Besides these reasons, Hill said Putin had another reason to justify the invasion: he thinks Russia still has a target on its back.

“It’s basically the idea that Russia is always under attack,” Hill said. “If you look at all his speeches, they go back to the 17th century Polish Lithuanian Commonwealth that traveled all the way to Moscow, Russian National Day is actually the day Poles were expelled from Moscow.”

Hill explained that Putin views any expansion of NATO, or really anything resembling a military entity, closer to Russia as a huge red flag and threat to the country. In Putin’s mind, Ukraine and Georgia’s decision to join NATO was about as important as a red flag.

“We really thought then the Russians would launch some kind of pre-emptive action against this, and we saw that in Georgia in 2008 when the Russians went all out,” Hill said. “We thought they would do it in Ukraine too, but the Ukrainians pulled out of NATO.”

At the end of the event, Hill took questions from the audience. The first question Hill received from a student was about the differences between this conflict and the annexation of Crimea in 2014.

“I’m sure Vladimir Putin is wondering the same thing,” Hill said.

She went on to explain that Crimea is full of native Russian speakers, many of whom were supportive of the idea of ​​being under Russian rule for various reasons. As a result, Putin and Russia moved in and took control of the region with relative ease. Those who supported Russia’s justification remained in Crimea and most of those who opposed it moved to other parts of Ukraine.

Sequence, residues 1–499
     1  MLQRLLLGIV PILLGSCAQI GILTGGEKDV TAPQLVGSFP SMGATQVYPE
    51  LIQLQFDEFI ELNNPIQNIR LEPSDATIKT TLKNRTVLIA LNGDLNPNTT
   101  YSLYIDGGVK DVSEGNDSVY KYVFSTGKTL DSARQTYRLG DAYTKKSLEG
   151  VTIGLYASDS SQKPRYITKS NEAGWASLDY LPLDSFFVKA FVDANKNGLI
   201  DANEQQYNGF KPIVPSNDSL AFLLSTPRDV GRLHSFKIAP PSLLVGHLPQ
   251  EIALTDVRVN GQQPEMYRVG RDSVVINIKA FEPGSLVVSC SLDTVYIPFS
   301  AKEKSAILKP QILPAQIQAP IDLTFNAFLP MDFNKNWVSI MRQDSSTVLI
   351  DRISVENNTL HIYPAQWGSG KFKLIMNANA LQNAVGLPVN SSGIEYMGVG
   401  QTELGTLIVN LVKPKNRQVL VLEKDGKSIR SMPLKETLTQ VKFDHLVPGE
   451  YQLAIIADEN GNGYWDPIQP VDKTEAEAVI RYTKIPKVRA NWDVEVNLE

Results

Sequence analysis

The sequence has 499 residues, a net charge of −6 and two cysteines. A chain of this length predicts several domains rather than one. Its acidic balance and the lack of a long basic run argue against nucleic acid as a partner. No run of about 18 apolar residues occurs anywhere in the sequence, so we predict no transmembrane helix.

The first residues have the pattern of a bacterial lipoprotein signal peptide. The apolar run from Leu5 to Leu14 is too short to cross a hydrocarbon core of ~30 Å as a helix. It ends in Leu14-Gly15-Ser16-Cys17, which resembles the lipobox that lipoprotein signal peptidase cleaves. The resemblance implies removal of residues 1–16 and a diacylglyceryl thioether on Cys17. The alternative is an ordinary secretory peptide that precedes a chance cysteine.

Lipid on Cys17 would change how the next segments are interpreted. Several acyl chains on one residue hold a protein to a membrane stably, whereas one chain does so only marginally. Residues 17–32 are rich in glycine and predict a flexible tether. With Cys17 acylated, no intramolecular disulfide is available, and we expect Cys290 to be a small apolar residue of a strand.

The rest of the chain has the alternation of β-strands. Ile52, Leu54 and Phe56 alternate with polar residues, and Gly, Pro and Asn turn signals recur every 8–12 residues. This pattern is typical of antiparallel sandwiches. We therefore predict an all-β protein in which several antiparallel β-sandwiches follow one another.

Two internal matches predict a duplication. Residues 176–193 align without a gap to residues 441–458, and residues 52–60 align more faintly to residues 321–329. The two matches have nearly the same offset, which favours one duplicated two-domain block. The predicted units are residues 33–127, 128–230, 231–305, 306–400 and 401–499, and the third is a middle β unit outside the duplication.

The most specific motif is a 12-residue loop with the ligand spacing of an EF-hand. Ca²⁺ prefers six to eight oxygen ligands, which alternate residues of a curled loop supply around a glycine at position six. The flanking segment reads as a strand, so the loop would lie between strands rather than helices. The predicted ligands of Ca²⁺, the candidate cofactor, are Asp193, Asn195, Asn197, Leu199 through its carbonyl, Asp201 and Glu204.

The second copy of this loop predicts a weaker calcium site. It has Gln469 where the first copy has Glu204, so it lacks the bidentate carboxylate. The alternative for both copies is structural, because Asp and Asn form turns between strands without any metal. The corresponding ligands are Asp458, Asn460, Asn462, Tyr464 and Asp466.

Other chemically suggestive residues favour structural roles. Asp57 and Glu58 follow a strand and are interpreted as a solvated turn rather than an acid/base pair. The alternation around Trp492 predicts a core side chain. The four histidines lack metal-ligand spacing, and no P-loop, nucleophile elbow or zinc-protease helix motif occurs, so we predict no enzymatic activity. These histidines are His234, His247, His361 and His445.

“The Russian government thought it could be successful again in the Donbass region and maybe as far as Odessa,” Hill said. “They thought all these Russian-speaking towns around the coast would also rise up, but that didn’t happen, and in fact people pushed back.”

Another student asked what the US response has been so far and whether President Biden’s opposition to sending US troops was the right approach.

“Putin is absolutely paranoid about NATO intervention, that’s why he put his nuclear forces on high alert, to scare NATO because believe me, he would find a way to use some sort of nuclear weapon,” Hill said. “The idea is to scare us all, to make us back down so he can go on.”

As Hill covered earlier in the discussion, Putin still believes that Ukraine rightfully belongs to Russia, so the final question in the event asked if he would have invaded Ukraine even without the possibility of the country joining. NATO.

Hill’s response touched on the fact that Russian citizens are locked in a barrage of propaganda that accuses Ukraine of being infiltrated by neo-Nazi nationalists and other outsiders. In Russia, Putin is using these blatantly false accusations as justification for the invasion and spreading this message through as many media channels as possible.

“People in Russia thought certain actions were justified because they thought it was the United States trying to take over Ukraine or NATO trying to take over Ukraine” , Hill said. “Only Vladimir Putin made the decision to invade and only he and the people around him knew he was going to launch a full-scale invasion.”

A few days after the event, Diven shared her favorite parts of the event.

“I loved that students and faculty had a chance to ask lots of great questions,” Diven said. “I was also happy to hear Dr. Hill talk about his humble beginnings and how GVSU students can go on to do great things too.”

She also pointed to the incredible timing of the event. The planning process began in the fall semester of 2021, so it’s pure coincidence that Hill ended up speaking up in the midst of the conflict.

“The timing couldn’t have been better, Dr. Hill helped us all better understand the tragic events unfolding in Ukraine,” Diven said. “She met Putin several times and helped us understand his state of mind. She also made a clear distinction between blaming Putin and his cronies and not blaming ordinary citizens of Russia.

More about Hill and his experiences with Russia and Ukraine can be found in his new book, “There’s Nothing For You Here.”